Last week I invited my sophomore class over to my room to bake bread. As I later recounted the experience to my mom, I told her about how it had been pretty stressful to have so many people in such tight quarters, sitting around a toaster oven that was reluctant to brown the dinner rolls that had refused to rise. Adding to my frustration was the very large student who had parked himself right in front of my bedroom door and refused to move even an inch or two out of the way each time I needed to fetch something from the kitchen. Because of his developmental delay, he often does little schoolwork and just draws pictures or tries to make the other students laugh. That day I caught him eating salt straight from the container. As I expressed my frustration to my mom, I exclaimed—and I am SO not proud of this comment, “He’s just like a lump!” And I explained how he usually just sat there and did nothing. But later that day my words echoed in my mind, “He’s just like a lump—a lump—a lump,” and I realized something very significant, a reflection revealing enough that it almost redeems that terrible comment.

I realized that one of my biggest fears is being seen as a lump. Especially my first two years here, but in my third year too, there are still many things I can’t do well and it’s difficult for me to participate to others’ and my own satisfaction. I go to meetings and sit through sermons that I can’t understand. I am never asked to pray in formal settings because it’s obvious that I can’t (at least not spontaneously in Korean). I don’t have any special role in the community outside of teaching. And so in many ways, when I compare my usefulness to the usefulness of others and my contributions to the contributions of others, I feel rather meaningless, like a lump. What am I here for? What can I do? How do others perceive me? Do they think I’m just a lump, irrelevant and in the way? Heaven forbid! And suddenly I realized that many of my actions, rather than being motivated by pure love, are driven by this worry that I am not naturally relevant but must make myself so, if not to convince others then to convince myself.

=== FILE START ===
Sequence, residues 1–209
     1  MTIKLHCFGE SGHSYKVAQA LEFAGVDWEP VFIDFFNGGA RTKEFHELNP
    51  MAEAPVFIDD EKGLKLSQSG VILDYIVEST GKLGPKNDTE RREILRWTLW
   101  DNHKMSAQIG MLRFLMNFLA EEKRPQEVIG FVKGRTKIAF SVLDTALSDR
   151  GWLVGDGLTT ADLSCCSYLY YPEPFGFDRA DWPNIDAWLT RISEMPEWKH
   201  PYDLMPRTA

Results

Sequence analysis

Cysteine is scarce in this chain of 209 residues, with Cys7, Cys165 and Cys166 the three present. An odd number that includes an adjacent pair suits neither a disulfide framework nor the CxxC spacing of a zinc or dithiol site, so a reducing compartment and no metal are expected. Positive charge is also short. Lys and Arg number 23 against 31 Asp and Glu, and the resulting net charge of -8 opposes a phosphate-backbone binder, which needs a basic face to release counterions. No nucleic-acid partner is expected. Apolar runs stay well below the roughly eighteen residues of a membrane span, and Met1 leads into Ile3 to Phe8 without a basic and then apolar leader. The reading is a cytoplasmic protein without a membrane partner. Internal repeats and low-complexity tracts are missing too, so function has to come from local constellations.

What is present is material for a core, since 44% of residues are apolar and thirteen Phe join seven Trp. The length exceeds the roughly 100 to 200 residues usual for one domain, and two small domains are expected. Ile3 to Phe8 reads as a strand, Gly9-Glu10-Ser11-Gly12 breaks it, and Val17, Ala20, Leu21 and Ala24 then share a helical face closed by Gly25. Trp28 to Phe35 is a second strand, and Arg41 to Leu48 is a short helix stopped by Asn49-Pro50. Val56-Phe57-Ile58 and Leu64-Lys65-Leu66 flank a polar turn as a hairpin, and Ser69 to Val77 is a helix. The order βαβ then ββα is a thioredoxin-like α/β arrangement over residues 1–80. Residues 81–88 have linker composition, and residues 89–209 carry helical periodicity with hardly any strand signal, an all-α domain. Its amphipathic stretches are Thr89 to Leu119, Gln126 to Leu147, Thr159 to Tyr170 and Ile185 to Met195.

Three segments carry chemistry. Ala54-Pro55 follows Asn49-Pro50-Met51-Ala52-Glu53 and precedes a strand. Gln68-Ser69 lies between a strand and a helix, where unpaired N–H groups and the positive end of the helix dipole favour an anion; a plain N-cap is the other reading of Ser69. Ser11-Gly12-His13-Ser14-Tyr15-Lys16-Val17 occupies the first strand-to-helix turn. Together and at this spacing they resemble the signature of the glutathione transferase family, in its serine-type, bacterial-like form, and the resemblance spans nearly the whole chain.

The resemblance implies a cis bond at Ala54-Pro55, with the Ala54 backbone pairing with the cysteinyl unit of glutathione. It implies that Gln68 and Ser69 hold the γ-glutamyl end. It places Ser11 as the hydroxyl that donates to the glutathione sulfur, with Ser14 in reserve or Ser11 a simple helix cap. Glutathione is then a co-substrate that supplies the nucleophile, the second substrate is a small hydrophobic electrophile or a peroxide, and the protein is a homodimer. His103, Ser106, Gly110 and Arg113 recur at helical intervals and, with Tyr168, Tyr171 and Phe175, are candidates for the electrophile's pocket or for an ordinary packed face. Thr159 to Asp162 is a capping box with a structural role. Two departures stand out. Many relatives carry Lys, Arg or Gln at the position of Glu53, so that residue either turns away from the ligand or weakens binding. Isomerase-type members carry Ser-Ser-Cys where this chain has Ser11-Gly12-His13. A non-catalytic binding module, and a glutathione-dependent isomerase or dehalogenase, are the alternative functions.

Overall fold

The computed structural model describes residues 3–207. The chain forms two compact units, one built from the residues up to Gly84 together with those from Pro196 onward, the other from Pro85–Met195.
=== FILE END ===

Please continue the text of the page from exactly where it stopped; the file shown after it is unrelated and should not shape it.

When I finally lit upon this idea, I was set free by the fact that it is God’s fingerprint on me that makes me relevant. It is nothing I do, nothing I say, no position of leadership, no responsibility, no respect from others, that essentially defines my relevance. It is enough that God created me and loves me. Who could be more relevant than a child of the Most High God? And at the same time that I was set free of my burden to somehow attain relevancy, I was also brought to my knees. For how could I have judged my student as irrelevant simply because he failed to meet my standard of performance and behavior? How could I have judged his relevancy according to my own standard, when he has the same innate relevancy in Christ which had just set me free?

The chorus to “Who Am I?” by Casting Crowns is quite relevant (hehe) to this theme:
Not because of who I am
But because of what You’ve done
Not because of what I’ve done
But because of who You are

And I think Matthew 11:28-30 could also apply:
“Come to me, all you who are weary and burdened, and I will give you rest. Take my yoke upon you and learn from me, for I am gentle and humble in heart, and you will find rest for your souls. For my yoke is easy and my burden is light.”

I am relevant, and so are you. Regardless of your talents, your marital status, your job (or lack thereof), the money in your bank account, your SAT score, your age, your health, the length of your “to-do” list, or the number of friends you have on Facebook (or in your address book, Grandma). We are all relevant because of the God who made us, loves us, and paid the price to redeem us. Hope this truth lightens your load today.